Refugee claimants are as diverse as any other immigrant group in Canada.

S: How long does it usually take to claim refugee status from within Canada?

MAP: The refugee claim process in Canada can take an extremely long time. Usually years.
Depending on whether a claimant applied for refugee status at the border or airport (port of
entry claim), or if they make their claim once they are inside Canada (an inland claim), getting
the official status of “refugee claimant” can take days to several months.
The next step is to wait for a hearing with the Immigration Refugee Board to determine if they
are eligible for convention refugee or protected person status, which can take a year to a year
and a half. Sometimes people’s hearings are canceled or postponed, and the waiting game
starts all over again. For instance, the recent federal public services strike resulted in the
cancellation and rescheduling of dozens of refugee determination hearings that had to be
Meanwhile, a lot of people wait months and sometimes years just to get a work permit while
they wait for their hearings. It’s not just a matter of how long it takes, but what people have to
endure while they wait for a decision on their claim.
A lot of them have left their children and families behind in their home countries. If a claimant
wins their hearing and gets protected refugee status, the next step is to apply for permanent
residency, which is another process that can take around two years. The family left behind
cannot come to Canada until the very end of that process.
I would say it takes a minimum of four years between when a person arrives in Canada to make
a refugee claim and when they are reunited with family members left behind, it is an extremely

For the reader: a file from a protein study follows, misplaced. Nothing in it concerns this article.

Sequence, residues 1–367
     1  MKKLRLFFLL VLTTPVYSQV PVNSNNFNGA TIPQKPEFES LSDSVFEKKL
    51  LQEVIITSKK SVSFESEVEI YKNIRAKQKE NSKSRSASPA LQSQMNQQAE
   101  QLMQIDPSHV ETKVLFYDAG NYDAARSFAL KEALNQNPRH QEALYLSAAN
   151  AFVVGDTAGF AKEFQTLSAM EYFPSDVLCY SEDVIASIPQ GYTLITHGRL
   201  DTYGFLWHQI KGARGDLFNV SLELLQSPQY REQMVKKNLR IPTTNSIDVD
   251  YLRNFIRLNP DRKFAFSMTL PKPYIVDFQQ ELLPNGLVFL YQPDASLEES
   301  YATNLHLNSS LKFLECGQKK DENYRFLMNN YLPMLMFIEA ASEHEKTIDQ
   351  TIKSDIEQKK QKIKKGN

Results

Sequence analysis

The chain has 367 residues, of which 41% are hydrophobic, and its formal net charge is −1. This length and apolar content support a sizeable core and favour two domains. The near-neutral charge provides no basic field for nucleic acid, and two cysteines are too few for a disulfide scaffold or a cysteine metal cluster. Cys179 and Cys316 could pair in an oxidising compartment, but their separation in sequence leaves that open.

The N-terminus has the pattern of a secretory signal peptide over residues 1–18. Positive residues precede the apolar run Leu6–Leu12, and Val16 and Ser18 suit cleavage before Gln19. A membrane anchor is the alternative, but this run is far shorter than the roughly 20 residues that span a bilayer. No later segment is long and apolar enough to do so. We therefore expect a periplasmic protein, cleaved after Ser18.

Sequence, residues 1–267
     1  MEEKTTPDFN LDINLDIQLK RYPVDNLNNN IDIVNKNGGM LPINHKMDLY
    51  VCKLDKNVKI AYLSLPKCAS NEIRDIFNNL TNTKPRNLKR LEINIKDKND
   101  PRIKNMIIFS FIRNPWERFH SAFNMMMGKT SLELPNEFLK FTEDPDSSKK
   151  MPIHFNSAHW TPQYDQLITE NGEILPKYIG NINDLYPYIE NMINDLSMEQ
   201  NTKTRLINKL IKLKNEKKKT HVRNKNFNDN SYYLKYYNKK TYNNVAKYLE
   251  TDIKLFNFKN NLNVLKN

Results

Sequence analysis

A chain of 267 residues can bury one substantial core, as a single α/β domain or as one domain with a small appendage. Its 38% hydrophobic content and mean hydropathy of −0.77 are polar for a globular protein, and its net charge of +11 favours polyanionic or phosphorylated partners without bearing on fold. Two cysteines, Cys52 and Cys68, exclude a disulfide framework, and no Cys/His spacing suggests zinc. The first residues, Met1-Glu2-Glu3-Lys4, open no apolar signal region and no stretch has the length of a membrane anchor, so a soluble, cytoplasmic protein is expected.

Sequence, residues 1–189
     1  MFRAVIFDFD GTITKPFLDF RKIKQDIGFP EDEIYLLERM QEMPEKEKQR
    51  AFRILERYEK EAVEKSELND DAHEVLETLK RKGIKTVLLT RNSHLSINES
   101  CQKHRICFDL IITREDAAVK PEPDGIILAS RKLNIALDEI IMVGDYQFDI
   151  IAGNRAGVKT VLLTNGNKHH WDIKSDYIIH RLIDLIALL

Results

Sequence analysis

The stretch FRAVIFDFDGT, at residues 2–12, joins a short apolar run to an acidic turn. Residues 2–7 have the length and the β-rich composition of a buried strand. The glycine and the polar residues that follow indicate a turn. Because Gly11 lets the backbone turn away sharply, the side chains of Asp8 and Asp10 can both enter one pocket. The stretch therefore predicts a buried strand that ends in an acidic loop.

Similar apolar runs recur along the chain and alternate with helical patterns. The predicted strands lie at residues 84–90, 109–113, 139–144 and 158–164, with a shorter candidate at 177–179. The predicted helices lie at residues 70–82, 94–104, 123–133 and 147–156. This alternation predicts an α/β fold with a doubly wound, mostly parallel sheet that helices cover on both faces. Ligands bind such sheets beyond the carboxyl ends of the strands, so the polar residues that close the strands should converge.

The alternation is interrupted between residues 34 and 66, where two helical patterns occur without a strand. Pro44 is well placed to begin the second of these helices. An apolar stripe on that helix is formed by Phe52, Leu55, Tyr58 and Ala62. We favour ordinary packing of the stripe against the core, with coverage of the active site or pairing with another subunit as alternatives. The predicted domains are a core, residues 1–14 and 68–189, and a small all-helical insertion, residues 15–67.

difficult process.

S: Is the refugee claim process one that most can complete on their own, like a visa

MAP: The refugee claim process is nothing like a visa application. It is a very long process with
several steps involving the IRCC, the Canadian Border Services Agency and the Immigration
Refugee Board. A refugee claimant is tasked with proving to Canada that their life is in danger
in their home country and that they cannot be protected by the local authorities. They must
present evidence, which a lot of the time isn’t available. They can’t provide physical proof that
you were targeted by criminal groups or that they have been abused by a spouse.
A lot of the time people are afraid to even make a police report or even discuss it with family, so
in a lot of cases their only proof is their own testimony. Even a tiny mistake or oversight when
filling out paperwork can bring their credibility into question during their hearing. There are just
too many factors and no room for error. For this reason, it is crucial that they have legal support
because ultimately this is a legal process and most refugee claimants are not familiar with the
Canadian legal or immigration system.
Most claimants cannot afford to pay thousands of dollars for a lawyer so they rely on Legal Aid
services, which they must apply for and are sometimes denied, so some people do attend their
hearings on their own. We see a lot of people being preyed upon by fake immigration
consultants or people who pretend to be lawyers, and unfortunately it often means that their
cases fail.
Of note, the Supreme Court is currently reviewing the legality of the STCA, and MAP BC has
partnered with the Vancouver Public Library to organize this year’s World Refugee Day Event to
bring attention to this issue. The event is called “The right to safety – is Canada failing refugee
claimants?” It will take place on June 20 at 350 W Georgia from 12 p.m. to 2 p.m. Everyone is
welcome to attend.
Event speakers will include: Aleks Dughman-Manzur, President of Canadian Council for
Refugees; Amanda Aziz, Executive Member of the Canadian Association of Refugee Lawyers;
and Olamide Olaniyan, Associate Editor at The Tyee.

For more information please visit: mapbc.org/help